Thursday, December 27, 2007

Looking back, Part II

As with yesterday's page, this is not about something that is contained in the year just ending, but it is something that has come into particularly sharp focus in that time. The "something" is the developing health-care crisis.

Let us take note that insurance coverage, while it has been the chief facet of the issue being talked about, is just that: one facet. If we ask why so few people are covered at all, and why so many who are "covered" have mediocre to poor coverage, we get at the deeper problem: that health care is very, very expensive, and getting more so every day. If we project out current trends, in the not terribly far future health care is all we'll be paying for, as individuals and as a nation.

Obviously--as is well known--one cannot project out any given trend to some logical absurdity: there is always some limitation that arises to preclude the absurdity (which is why it's absurd). But what is the limiting factor in considering health-care costs? What it would seem to be limitation on the amount of health care the average person can receive.

The reasons health care is expensive, and growing more so, are several and various. In the United States, we pay doctors far more than other "first-world" industrialized nations do, and that is one reason health care is delivered so much better in virtually all of those nations: it costs less per quantum of care, so more quanta can be supplied for a given cost. But their costs are rising, too, and the U.S. is only a harbinger of the problems that eventually all nations will have to face.

Another matter is that medical knowledge, like all knowledge, is an ever-expanding sphere; that means (without straining the analogy too far) that the surface--the border between the known and the unknown--increases geometrically faster than the radius, the scope of our knowledge in any one direction, which is to say aspect of medicine; moreover, the volume within that sphere, the sum of our knowledge, increases faster yet. Ever more diseases and conditions shift from being untreatable to being something we can treat, or something we might (with further expenditure) be able to treat. And the treatments are expensive.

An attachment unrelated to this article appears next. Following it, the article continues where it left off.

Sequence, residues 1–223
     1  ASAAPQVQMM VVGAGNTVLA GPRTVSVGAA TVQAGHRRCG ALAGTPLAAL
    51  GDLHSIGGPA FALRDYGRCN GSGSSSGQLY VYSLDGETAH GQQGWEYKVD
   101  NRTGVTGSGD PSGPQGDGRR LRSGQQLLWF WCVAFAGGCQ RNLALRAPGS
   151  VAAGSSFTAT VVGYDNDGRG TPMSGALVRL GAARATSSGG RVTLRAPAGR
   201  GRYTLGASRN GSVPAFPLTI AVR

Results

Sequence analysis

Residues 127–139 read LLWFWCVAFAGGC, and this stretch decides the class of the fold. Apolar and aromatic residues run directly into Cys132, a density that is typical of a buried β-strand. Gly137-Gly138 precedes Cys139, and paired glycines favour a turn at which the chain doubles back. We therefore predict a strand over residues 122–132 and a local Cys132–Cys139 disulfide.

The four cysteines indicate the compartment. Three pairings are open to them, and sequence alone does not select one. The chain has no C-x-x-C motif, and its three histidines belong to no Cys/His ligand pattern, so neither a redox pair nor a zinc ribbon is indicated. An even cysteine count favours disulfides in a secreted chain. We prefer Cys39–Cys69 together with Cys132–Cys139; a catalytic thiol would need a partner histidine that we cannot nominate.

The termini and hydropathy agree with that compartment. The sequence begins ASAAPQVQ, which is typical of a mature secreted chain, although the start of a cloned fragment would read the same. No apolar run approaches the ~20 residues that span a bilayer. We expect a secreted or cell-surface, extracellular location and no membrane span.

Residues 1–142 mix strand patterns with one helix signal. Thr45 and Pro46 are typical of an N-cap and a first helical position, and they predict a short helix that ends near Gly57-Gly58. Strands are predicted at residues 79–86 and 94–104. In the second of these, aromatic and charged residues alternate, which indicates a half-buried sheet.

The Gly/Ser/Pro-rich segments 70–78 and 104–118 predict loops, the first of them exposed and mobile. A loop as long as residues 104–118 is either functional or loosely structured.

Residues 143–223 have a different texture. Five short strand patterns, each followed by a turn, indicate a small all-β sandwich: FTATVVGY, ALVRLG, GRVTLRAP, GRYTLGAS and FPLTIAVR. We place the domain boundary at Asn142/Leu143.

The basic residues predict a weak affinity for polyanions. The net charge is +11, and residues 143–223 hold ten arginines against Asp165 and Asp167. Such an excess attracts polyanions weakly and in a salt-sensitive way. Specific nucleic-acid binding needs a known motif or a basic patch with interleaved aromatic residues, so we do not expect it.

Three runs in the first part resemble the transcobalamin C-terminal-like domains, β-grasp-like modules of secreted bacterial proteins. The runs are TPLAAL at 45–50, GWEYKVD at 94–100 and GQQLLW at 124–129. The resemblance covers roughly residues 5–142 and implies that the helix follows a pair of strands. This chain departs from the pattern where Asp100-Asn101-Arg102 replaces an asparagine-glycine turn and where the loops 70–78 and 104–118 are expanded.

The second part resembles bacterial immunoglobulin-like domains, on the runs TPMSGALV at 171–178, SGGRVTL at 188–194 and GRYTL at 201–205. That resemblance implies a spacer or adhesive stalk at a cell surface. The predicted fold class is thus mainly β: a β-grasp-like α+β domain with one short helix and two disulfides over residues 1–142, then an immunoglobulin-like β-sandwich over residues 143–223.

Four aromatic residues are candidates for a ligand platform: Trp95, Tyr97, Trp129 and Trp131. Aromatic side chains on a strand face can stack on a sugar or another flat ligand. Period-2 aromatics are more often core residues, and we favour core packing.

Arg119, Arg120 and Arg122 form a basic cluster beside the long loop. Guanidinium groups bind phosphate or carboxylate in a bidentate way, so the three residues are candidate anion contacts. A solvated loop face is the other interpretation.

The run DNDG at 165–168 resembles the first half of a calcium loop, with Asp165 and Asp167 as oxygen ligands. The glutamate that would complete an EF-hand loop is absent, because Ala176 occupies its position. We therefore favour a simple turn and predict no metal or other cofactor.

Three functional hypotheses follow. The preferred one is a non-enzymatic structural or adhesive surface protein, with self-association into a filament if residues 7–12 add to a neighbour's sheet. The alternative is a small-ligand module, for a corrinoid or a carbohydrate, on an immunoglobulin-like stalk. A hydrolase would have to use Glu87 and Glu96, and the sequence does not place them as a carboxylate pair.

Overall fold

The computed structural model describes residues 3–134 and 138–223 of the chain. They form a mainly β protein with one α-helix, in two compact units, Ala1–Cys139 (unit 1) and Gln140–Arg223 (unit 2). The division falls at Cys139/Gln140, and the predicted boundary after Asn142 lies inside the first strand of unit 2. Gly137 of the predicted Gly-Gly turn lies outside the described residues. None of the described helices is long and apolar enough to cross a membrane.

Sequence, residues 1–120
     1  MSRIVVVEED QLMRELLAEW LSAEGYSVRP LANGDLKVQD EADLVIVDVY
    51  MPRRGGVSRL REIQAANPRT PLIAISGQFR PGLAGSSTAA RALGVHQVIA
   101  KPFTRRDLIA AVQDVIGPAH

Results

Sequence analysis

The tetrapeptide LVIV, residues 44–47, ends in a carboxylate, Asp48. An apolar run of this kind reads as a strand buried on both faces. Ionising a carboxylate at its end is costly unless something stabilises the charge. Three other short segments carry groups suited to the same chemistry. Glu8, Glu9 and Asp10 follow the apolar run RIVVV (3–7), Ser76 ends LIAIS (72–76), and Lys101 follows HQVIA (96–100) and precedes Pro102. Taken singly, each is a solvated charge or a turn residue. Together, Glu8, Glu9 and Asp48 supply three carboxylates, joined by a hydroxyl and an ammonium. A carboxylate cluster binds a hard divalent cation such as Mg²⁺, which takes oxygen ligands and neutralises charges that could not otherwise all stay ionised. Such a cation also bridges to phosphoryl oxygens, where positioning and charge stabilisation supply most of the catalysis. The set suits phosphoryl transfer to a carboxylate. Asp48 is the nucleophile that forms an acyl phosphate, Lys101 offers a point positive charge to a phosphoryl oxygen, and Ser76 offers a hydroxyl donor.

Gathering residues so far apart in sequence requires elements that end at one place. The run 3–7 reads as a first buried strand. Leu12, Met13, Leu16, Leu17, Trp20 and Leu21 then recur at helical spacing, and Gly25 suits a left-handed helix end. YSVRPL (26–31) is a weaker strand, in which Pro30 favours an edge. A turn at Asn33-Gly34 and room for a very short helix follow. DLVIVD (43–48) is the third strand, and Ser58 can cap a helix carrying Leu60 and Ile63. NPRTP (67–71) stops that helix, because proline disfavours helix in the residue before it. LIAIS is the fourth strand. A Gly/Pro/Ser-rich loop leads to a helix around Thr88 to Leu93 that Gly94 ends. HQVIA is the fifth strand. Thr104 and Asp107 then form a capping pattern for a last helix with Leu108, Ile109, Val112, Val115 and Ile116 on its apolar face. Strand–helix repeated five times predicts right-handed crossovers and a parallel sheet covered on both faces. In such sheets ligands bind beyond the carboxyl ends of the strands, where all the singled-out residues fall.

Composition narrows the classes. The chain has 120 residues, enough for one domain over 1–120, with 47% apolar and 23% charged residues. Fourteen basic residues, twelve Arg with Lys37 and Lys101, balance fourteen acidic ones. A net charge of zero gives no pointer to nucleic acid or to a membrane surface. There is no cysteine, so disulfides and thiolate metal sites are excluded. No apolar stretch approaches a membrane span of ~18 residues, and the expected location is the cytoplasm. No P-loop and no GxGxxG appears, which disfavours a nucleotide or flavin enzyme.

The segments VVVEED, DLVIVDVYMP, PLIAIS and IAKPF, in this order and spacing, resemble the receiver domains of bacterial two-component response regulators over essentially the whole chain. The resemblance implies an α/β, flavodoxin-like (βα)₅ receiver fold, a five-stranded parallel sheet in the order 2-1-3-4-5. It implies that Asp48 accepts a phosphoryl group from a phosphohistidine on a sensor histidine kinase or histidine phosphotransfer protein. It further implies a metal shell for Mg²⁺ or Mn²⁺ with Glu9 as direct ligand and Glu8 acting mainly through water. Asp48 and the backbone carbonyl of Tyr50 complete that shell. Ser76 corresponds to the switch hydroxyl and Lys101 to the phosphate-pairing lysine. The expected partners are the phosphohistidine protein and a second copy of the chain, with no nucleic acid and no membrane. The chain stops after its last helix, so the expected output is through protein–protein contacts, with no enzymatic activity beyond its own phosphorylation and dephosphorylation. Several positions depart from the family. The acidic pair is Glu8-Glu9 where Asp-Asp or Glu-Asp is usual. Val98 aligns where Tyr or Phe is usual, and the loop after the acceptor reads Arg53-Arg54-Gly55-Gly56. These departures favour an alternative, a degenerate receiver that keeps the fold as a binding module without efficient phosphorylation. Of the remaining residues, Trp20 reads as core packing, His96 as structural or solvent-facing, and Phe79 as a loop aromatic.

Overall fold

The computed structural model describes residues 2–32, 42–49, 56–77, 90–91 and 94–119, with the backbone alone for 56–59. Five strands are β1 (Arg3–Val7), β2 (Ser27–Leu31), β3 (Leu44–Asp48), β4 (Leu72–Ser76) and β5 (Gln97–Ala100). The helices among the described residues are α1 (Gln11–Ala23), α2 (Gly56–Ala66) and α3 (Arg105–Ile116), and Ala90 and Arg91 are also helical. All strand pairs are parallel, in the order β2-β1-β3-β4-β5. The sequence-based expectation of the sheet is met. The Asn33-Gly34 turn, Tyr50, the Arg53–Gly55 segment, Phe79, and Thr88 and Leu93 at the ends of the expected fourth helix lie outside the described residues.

But, in a sense, the "cure" is more knowledge yet. As the science essayist Lewis Thomas elegantly points out (Thomas is always elegant) in his essay "The Technology of Medicine" (collected in The Lives of a Cell), medical technology falls into three classes.

First is what he calls "nontechnology", the methodology of what is best described as "caring for". But, while essential, it is nonetheless "not technology in any real sense, since it does not involve measures directed at the underlying mechanism of disease." But it is what most doctors spend the largest part of their time doing. Also, it is very costly, in good part because of the great chunks of time it takes from physicians and other skilled medical personnel.

Second is is what Thomas calls "halfway technology". This, he says, "represents the kinds of things that must be done after the fact, in efforts to compensate for the incapacitating effects of certain diseases whose course one is unable to do very much about." It includes such things as organ transplants and artificial organs, radiation and chemotherapy. To the public, it is all very gee-whiz, and seems to signify the pinnacle of medical science. But while in one way it is very sophisticated, in another way it is quite primitive: we still aren't doing anything about the actual problem. All the high-tech stuff is simply cleaning up after the disaster. This type also is stupendously expensive, to devise and to effect.

The third level is "the kind that is so effective that it seems to attract the least public notice; it has come to be taken for granted. This is the genuinely decisive technology of modern medicine, exemplified best by modern methods of immunization . . ." It consists of the means to prevent or cure conditions based on a substantial understanding of their basic nature. And it is by far the cheapest. And it is typically simple and readily delivered.

As Thomas remarks, "I cannot think offhand of any important human disease for which medicine possesses the outright capacity to prevent or cure where the cost of the technology is itself a major problem." There is much food for thought there--though it was written a third of a century ago now, before the drug companies had fully realized how readily they could squeeze money out of human pain and suffering.

Thomas sums up: "If I were a policy maker, interested in saving money for health care over the long haul, I would regard it as an act of high prudence to give high priority to a lot more basic research in biologic science."

But "policy makers" today aren't interested in "the long haul": they are interested in whatever is the upcoming election cycle. Where is the presidential candidate whose "health-care policy" mentions major investment in basic science research? Where is the presidential candidate any of whose policy statements includes the very word "science"?

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